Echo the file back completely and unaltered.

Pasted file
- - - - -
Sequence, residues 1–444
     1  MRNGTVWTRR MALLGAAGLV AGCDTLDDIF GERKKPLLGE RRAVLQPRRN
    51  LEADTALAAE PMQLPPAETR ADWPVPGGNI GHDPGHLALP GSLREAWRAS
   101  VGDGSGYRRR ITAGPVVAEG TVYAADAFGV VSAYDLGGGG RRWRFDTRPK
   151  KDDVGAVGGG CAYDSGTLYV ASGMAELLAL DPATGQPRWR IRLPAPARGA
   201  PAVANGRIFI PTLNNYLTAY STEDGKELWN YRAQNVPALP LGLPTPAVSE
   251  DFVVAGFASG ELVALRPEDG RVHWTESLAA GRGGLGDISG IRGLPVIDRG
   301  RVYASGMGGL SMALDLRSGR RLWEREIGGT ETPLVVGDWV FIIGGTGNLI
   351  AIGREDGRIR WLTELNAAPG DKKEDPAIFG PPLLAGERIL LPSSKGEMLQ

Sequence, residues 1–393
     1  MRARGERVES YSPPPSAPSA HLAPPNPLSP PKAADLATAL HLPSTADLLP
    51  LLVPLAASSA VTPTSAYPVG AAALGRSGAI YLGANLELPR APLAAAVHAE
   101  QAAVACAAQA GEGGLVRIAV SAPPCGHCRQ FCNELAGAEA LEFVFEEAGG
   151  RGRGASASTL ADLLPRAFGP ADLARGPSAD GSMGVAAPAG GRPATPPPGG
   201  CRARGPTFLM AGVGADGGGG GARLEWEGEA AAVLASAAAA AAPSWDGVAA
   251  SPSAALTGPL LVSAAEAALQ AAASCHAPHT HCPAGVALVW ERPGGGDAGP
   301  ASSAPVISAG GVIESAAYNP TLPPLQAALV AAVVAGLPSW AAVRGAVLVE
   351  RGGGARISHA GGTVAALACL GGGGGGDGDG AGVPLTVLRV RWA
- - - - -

Sequence, residues 1–444
     1  MRNGTVWTRR MALLGAAGLV AGCDTLDDIF GERKKPLLGE RRAVLQPRRN
    51  LEADTALAAE PMQLPPAETR ADWPVPGGNI GHDPGHLALP GSLREAWRAS
   101  VGDGSGYRRR ITAGPVVAEG TVYAADAFGV VSAYDLGGGG RRWRFDTRPK
   151  KDDVGAVGGG CAYDSGTLYV ASGMAELLAL DPATGQPRWR IRLPAPARGA
   201  PAVANGRIFI PTLNNYLTAY STEDGKELWN YRAQNVPALP LGLPTPAVSE
   251  DFVVAGFASG ELVALRPEDG RVHWTESLAA GRGGLGDISG IRGLPVIDRG
   301  RVYASGMGGL SMALDLRSGR RLWEREIGGT ETPLVVGDWV FIIGGTGNLI
   351  AIGREDGRIR WLTELNAAPG DKKEDPAIFG PPLLAGERIL LPSSKGEMLQ

Sequence, residues 1–393
     1  MRARGERVES YSPPPSAPSA HLAPPNPLSP PKAADLATAL HLPSTADLLP
    51  LLVPLAASSA VTPTSAYPVG AAALGRSGAI YLGANLELPR APLAAAVHAE
   101  QAAVACAAQA GEGGLVRIAV SAPPCGHCRQ FCNELAGAEA LEFVFEEAGG
   151  RGRGASASTL ADLLPRAFGP ADLARGPSAD GSMGVAAPAG GRPATPPPGG
   201  CRARGPTFLM AGVGADGGGG GARLEWEGEA AAVLASAAAA AAPSWDGVAA
   251  SPSAALTGPL LVSAAEAALQ AAASCHAPHT HCPAGVALVW ERPGGGDAGP
   301  ASSAPVISAG GVIESAAYNP TLPPLQAALV AAVVAGLPSW AAVRGAVLVE
   351  RGGGARISHA GGTVAALACL GGGGGGDGDG AGVPLTVLRV RWA